Moving to Island Records, Waits made Swordfishtrombones (1983), which found him experimenting with horns and percussion and using unusual recording techniques. The same year, he appeared in Coppola's Rumble Fish and The Outsiders, and, in 1984, he appeared in the director's The Cotton Club. In 1985, he released Rain Dogs. In 1986, he appeared in Down by Law and made his theatrical debut with Chicago's Steppenwolf Theatre in Frank's Wild Years, a musical play he had written with Brennan. An album based on the play was released in 1987, the same year Waits appeared in the films Candy Mountain and Ironweed. In 1988, he released a film and soundtrack album depicting one of his concerts, Big Time. In 1989, he appeared in the films Bearskin: An Urban Fairytale, Cold Feet, and Wait Until Spring. His work for the theater continued in 1990 when Waits partnered with opera director Robert Wilson and beat novelist William Burroughs and staged The Black Rider in Hamburg, Germany. In 1991, he appeared in the films Queens' Logic, The Fisher King, and At Play in the Fields of the Lord. In 1992, he scored the film Night on Earth; released the album Bone Machine, which won a Grammy Award for Best Alternative Music Album; appeared in the film Bram Stoker's Dracula; and returned to Hamburg for the staging of his second collaboration with Robert Wilson, Alice. The Black Rider was documented on CD in 1993, the same year Waits appeared in the film Short Cuts.

A long absence from recording resulted in the 1998 release of Beautiful Maladies, a retrospective of his work for Island. In 1999, Waits finally returned with a new album, Mule Variations. The record was a critical success, winning a Grammy for Best Contemporary Folk album, and was also his first for the independent Epitaph Records' Anti subsidiary. A small tour followed, but Waits jumped right back into the studio and began working on not one but two new albums. By the time he emerged in the spring of 2002, both Alice and Blood Money were released on Anti Records. Blood Money consisted of the songs from the third Wilson/Waits collaboration that was staged in Denmark in 2000 and won Best Drama of the Year. After limited touring in support of these two endeavors, Waits returned to the recording studio and issued Real Gone in 2004. The album marked a large departure for him in that it contained no keyboards at all, focusing only on stringed and rhythm instruments. Glitter and Doom Live appeared in 2009. Waits didn't release another studio album of new material until 2011, when he issued Bad as Me on Anti in the Fall. He uncharacteristically issued a track listing two months in advance of the release, and the pre-release title track as a digital single. He also took the unusual step of releasing a video in which he allowed bits of all the album's songs to play while he scolded bloggers and peer-to-peer sites for invading his privacy. ~ William Ruhlmann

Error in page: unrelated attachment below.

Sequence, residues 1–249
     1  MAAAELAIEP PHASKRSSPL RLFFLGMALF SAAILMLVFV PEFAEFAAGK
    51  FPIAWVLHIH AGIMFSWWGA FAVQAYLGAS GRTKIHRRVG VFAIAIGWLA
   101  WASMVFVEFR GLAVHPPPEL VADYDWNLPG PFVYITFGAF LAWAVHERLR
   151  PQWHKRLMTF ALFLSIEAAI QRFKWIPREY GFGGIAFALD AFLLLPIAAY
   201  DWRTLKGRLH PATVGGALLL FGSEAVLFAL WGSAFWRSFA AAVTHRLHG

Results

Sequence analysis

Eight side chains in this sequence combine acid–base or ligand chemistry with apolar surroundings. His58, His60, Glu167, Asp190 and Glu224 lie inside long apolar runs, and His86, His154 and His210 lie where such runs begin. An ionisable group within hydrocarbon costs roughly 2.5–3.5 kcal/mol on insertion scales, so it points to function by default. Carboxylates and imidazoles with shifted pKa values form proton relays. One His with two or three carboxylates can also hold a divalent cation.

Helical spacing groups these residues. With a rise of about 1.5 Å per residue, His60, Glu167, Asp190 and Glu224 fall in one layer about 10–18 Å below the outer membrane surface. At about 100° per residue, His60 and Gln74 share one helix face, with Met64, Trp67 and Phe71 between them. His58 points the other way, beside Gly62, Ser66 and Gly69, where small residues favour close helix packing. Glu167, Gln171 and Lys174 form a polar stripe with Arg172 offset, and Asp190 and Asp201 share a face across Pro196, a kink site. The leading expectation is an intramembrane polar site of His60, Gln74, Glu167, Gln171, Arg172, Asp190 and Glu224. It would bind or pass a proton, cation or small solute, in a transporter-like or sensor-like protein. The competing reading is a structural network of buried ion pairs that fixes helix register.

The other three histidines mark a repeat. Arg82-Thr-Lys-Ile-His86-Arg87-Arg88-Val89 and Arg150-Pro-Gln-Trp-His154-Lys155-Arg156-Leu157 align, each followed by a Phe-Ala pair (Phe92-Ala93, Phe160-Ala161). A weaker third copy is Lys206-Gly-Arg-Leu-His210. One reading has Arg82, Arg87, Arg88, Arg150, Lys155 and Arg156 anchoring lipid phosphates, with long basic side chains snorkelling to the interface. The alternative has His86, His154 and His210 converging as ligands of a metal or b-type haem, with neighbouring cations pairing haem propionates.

• ORIGIN
    Pomona, CA
  • BORN
    Dec 7, 1949